Talks better than war in South China Sea, Duterte says
Philippine president also says he’s open to drills with Russia and China, but not the United States
There is no sense in going to war over the disputed South China Sea as talks are far better, Philippine President Rodrigo Duterte has said.
Duterte comes to China on Tuesday with at least 200 members of the Philippine business elite to pave the way for what he calls a new commercial alliance, amid deteriorating ties with long-time ally the United States.
On Sunday, Duterte said he would raise a controversial ruling on the South China Sea with China’s leaders and vowed not to surrender any sovereignty or deviate from the July decision by the tribunal in The Hague.
The ruling dealt a blow to China’s extensive claims in the South China Sea. Beijing has refused to recognise the case and has chided any country telling it to abide by the ruling.
In a Xinhua interview published on Monday, Duterte said he wanted negotiation, not confrontation, over the South China Sea.
“There is no sense in going to war. There is no sense fighting over a body of water,” he said.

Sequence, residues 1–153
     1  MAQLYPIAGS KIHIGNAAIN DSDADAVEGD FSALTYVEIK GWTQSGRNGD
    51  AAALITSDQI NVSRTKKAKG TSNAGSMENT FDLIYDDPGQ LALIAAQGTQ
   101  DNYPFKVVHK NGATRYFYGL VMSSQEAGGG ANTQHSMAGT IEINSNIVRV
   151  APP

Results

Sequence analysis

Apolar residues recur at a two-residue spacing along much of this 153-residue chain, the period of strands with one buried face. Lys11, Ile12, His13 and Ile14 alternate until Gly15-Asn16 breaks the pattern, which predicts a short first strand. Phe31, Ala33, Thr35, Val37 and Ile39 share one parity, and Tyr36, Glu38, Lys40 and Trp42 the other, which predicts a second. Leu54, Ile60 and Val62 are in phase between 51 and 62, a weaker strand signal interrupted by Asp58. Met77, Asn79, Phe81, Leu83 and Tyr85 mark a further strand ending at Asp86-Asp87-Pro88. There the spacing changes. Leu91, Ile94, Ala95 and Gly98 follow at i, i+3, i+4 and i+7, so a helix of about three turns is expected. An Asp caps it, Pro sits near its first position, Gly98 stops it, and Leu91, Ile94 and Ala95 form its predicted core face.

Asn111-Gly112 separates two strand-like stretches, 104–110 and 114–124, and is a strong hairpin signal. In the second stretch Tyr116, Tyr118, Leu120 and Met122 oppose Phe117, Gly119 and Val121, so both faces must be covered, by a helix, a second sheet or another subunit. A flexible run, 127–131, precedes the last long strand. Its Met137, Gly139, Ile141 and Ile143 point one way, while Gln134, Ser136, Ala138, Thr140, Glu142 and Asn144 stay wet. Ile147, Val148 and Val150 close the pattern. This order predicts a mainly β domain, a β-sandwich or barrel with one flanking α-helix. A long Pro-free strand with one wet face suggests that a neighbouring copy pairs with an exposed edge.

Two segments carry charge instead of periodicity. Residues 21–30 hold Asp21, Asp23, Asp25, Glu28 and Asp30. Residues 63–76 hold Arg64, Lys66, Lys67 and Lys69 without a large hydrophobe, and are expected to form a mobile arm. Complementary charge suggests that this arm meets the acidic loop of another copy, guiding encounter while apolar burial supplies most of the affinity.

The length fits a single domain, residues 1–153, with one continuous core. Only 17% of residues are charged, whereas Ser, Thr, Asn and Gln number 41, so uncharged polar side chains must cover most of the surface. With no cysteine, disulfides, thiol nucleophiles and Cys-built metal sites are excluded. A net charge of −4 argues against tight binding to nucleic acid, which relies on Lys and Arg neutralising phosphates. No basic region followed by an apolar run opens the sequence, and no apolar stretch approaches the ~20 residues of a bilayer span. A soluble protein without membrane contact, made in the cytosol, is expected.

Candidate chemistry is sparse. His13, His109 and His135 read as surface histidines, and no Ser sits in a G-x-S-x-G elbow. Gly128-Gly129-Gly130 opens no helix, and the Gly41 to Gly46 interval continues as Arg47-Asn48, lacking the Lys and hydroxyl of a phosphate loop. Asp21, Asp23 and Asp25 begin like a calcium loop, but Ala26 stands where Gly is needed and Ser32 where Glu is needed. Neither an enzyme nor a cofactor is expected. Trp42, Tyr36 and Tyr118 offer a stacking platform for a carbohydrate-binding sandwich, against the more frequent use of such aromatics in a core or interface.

And in Brunei, Philippine Foreign Secretary Perfecto Yasay said the South China Sea issue was not the sum total of the relationship between China and the Philippines, and that the time was not yet right to discuss resolving it.
“We still have to build up the lost trust and confidence that was weakened or eroded during the past administration,” Yasay said.
“But then we should not also miss out on the opportunities for a trade and economic relationship that we would need as much as China.”
The unpredictable Duterte’s moves to engage China, just a few months after the tribunal ruling sparked fears of a backlash by Beijing in the South China Sea, mark a striking reversal in Philippine foreign policy since its president took office on June 30.
In a separate interview with Hong Kong-based Phoenix Television, broadcast on Monday, Duterte said he was open to joint military exercises with China and Russia, and reiterated that he would no longer allow drills with the United States.
China’s Foreign Ministry earlier sought to downplay Duterte’s remarks from Sunday on the arbitration ruling.
Asked about his comments, ministry spokeswoman Hua Chunying said that Duterte would make his policy in the best interests of his country and its people.
“China’s door has always been open to the Philippines, and I think you’ve also noticed that President Duterte has many times said he wants dialogue with China,” she said.
Reuters, Agence France-Presse